Store the components of the kit at 2-8C. After usage put the plate in the plastic bag, close the bottles with their screw caps, and again store the kit at 2-8C. After the first opening the kit should be used within 3 months, the diluted wash buffer can be kept for 4 weeks at 2-8C.
Rubella infection belongs to the classical children ́s diseases with a life-long immunity, and the virus is spread worldwide endemically. In non-vaccinated populations, 80-90% of the infections occur during the childhood. In spite of the rubella vaccination, introduced in 1974, in Germany there continue to appear connatal diseases.
The causative agent is a genetically stable RNA virus, which belongs to the genus rubivirus within the family of togaviridae. Human beings are the only known natural hosts for the rubella virus. The transmission occurs via droplet infection, with an incubation time of 14-23 days.
Clinically the disease manifests itself like a light flu infection. The nucal and retroaurical lymph nodes are swollen, and a moderate enlargement of the spleen is observed. A short and medium raise of temperature appears together with a rather slight sensation of illness. Rubella is overcome easily with insignificant and light symptoms during the childhood, however more attention is required in the case of the infection of non-immunized pregnant women, because of the possible malformations of the foetus, which can be generated. As the infection can be transmitted via the placenta, the developing foetus can suffer severe damages, the frequency and gravity of which is dependent on the moment of infection during pregnancy. A rubella infection during the 1st till 4th month can lead to a spontaneous abortion or premature birth. Since a specific causal therapy does not exist, the secondary signs like fever, arthritis or arthralgies are treated symptomatically.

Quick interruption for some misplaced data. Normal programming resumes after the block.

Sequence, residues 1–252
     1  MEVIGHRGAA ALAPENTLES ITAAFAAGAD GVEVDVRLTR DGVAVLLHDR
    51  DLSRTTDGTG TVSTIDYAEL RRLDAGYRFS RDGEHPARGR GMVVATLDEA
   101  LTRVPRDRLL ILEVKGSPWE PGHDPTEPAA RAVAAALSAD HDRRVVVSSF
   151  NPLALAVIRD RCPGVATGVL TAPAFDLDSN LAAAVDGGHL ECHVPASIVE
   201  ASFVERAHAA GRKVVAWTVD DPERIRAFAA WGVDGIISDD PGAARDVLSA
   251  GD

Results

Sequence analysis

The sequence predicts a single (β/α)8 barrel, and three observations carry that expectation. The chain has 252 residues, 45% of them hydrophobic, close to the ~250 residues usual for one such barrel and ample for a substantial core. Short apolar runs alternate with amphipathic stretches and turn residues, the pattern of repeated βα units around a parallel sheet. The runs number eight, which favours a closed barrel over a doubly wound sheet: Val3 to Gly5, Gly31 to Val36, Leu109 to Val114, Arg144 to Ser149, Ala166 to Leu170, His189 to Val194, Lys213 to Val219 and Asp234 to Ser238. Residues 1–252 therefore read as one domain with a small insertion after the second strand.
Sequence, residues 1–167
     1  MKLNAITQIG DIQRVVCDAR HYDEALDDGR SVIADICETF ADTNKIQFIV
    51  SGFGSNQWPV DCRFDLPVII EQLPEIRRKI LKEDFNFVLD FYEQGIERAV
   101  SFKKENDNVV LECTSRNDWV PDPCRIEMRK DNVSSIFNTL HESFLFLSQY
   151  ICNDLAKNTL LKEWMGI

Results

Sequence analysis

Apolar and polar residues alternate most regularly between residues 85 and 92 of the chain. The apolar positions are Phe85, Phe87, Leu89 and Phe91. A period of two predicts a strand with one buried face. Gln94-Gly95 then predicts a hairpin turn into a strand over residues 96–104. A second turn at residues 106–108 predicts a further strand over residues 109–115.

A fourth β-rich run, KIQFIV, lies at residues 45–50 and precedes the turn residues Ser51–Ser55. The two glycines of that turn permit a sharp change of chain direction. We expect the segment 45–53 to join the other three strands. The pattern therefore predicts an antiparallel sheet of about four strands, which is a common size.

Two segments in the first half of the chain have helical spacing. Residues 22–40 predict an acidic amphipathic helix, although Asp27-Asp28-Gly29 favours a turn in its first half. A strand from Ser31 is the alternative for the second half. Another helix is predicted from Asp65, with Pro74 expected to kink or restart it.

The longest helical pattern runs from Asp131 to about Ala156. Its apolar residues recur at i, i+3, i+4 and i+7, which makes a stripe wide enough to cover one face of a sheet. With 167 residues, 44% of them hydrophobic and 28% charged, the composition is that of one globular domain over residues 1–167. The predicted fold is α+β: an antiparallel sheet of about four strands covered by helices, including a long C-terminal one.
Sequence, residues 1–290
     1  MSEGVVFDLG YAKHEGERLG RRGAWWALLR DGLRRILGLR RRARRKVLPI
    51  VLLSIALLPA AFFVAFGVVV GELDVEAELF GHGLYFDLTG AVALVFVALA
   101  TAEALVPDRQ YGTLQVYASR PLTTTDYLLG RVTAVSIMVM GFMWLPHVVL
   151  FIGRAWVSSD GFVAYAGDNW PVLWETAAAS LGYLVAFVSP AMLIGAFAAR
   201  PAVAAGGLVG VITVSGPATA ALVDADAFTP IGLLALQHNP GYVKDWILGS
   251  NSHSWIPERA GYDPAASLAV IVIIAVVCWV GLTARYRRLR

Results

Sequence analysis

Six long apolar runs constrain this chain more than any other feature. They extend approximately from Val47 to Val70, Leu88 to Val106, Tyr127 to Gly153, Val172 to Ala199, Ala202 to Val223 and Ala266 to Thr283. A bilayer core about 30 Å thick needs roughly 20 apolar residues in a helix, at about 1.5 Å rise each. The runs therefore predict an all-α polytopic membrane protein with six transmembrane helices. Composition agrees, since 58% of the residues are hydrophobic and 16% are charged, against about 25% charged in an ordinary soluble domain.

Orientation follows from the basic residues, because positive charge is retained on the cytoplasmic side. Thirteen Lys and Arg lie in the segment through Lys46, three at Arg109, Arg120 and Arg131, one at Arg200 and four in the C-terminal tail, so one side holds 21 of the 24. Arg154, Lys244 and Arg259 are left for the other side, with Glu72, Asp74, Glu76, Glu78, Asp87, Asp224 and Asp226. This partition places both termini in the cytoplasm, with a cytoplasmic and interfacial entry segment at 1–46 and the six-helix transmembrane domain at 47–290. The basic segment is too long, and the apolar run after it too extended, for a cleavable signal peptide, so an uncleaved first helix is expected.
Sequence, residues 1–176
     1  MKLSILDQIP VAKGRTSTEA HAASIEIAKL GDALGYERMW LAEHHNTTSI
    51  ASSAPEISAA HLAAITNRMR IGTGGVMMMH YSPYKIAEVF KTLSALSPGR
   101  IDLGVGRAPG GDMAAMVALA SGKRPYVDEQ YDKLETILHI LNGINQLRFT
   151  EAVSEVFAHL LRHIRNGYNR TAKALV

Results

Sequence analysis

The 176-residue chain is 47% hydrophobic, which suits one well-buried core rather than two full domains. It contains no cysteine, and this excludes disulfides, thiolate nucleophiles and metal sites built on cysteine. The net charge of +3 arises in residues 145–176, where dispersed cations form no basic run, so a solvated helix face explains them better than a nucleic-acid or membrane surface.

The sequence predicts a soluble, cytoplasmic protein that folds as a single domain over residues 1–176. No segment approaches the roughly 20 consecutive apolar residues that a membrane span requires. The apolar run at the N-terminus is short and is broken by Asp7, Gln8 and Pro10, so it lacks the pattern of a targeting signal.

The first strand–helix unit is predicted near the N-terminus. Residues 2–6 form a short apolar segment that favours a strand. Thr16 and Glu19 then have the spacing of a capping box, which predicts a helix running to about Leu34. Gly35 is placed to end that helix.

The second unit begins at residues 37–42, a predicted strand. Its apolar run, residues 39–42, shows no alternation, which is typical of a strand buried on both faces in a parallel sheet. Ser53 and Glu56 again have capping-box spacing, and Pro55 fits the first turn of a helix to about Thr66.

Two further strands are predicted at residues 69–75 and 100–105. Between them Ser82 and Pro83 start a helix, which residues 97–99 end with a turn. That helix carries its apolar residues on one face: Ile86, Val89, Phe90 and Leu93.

The clinical differential diagnosis is problematic, because similar exanthems and feverish illnesses appear also in the course of other children ́s diseases like measles, scarlet and parvovirusitis.
The following laboratory methods are available: hemagglutination inhibition test (HIT), hemolysis- in-gel test or ELISA. The detection of virus-specific IgM antibodies is important for the assessment of fresh infections, and the IgG test is used for the determination of immunity. In the case of severe connatal infections, the isolation of the rubella virus from pharyngeal lavage, urine and other secretions can also be performed.